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Infants, Children, and Adolescents (6th Edition)

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CHAPTER 6 COGNITIVE DEVELOPMENT in INFANCY and TODDLERHOOD I. PIAGET'S COGNITIVE-DEVELOPMENTAL THEORY A. Key Piagetian Concepts 1. Piaget believed children move through four stages of development between infancy and adolescence. 2. During the sensorimotor stage, infants and toddlers "think" with their eyes, ears, hands, and other sensorimotor equipment. 3. What Changes With Development a. Piaget believed a child's schemes (organized ways of making sense of experience) change with age. b. Schemes are action-based (motor patterns) at first and later will move to a mental (thinking) level. 4. How Cognitive Change Takes Place a. Adaptation 1) Adaptation is the process of building schemes through direct interaction with the environment, 2) Assimilation is a part of adaptation in which the external world is interpreted through existing schemes. 3) Accommodation is the part of adaptation in which new schemes are created or old ones adjusted to produce a better fit with the environment. 4) Equilibrium exists when children are not changing very much and they are in a steady, comfortable cognitive state; assimilation is used more than accommodation. 5) Disequilibrium is the state of cognitive discomfort which occurs during times of rapid change; accommodation is used more than assimilation. 6) Back-and-forth movement between equilibrium and disequilibrium leads to the development of more effective schemes. b. Organization 1) Organization is an internal process of rearranging and linking together schemes to form an interconnected cognitive system. 2) Schemes reach a true state of equilibrium when they become part of a broad network of structures that can be jointly applied to the surrounding world. B. The Sensorimotor Stage 1. Piaget based the sensorimotor stage on his observations of his own children. 2. The Circular Reaction a. Circular reactions are the means by which infants explore the environment and build schemes by trying to repeat chance events caused by their own motor activity. b. These reactions are first centered on the infant's own body. Subsequently, they change to manipulating objects and then to producing novel effects in the environment. 3. Substage 1: Reflexive Schemes (Birth to I Month) a. Piaget regarded newborn reflexes as the building blocks of sensorimotor intelligence.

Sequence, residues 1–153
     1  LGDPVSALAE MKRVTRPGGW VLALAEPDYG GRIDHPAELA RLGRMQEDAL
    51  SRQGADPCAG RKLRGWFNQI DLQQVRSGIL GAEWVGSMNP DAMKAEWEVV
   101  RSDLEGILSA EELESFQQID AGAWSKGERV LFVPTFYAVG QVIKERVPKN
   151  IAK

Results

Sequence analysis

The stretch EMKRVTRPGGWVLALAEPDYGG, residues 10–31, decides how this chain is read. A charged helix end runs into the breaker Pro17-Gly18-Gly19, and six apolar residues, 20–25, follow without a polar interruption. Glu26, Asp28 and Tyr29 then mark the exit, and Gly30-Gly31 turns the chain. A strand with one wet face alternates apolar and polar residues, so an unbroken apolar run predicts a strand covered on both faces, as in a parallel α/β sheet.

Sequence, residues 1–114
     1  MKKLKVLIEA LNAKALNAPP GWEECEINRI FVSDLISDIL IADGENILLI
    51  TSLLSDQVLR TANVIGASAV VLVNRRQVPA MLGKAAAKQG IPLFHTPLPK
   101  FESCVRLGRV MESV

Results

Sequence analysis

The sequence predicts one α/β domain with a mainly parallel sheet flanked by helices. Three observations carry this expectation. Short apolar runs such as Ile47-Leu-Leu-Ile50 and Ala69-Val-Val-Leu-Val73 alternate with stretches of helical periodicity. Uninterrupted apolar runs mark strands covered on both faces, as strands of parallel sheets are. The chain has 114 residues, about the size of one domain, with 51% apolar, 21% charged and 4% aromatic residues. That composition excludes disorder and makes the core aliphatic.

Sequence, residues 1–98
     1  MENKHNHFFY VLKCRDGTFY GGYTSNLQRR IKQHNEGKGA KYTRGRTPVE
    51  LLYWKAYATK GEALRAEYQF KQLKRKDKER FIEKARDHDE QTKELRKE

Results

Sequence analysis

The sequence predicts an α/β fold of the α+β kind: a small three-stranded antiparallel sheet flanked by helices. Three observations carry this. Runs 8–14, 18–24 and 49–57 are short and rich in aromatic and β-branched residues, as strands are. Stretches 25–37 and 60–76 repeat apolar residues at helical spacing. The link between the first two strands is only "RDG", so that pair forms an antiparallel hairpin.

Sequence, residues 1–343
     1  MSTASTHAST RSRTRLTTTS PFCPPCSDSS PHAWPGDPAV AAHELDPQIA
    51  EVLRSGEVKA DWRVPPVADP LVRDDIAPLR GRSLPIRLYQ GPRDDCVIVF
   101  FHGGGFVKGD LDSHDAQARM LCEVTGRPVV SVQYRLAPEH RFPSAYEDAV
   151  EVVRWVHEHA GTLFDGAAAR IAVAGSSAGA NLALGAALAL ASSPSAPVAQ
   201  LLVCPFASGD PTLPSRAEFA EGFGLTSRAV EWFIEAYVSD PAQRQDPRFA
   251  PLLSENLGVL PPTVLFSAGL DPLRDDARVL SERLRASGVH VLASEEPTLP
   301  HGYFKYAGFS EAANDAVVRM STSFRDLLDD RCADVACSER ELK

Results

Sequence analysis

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b. At first, babies suck, grasp, and look in much the same way, no matter what the circumstances. 4. Substage 2: Primary Circular Reactions-The First Learned Adaptations (I to 4 Months) a. Infants develop simple motor skills and change their behavior in response to environmental demands. b. The first circular reactions are primary in that they are oriented towards the infants' own bodies and motivated by basic needs. 5. Substage 3: Secondary Circular Reactions-Making Interesting Sights Last (4 to 8 Months) a. Circular reactions of this substage are secondary in that the infants repeat actions that affect the environment.
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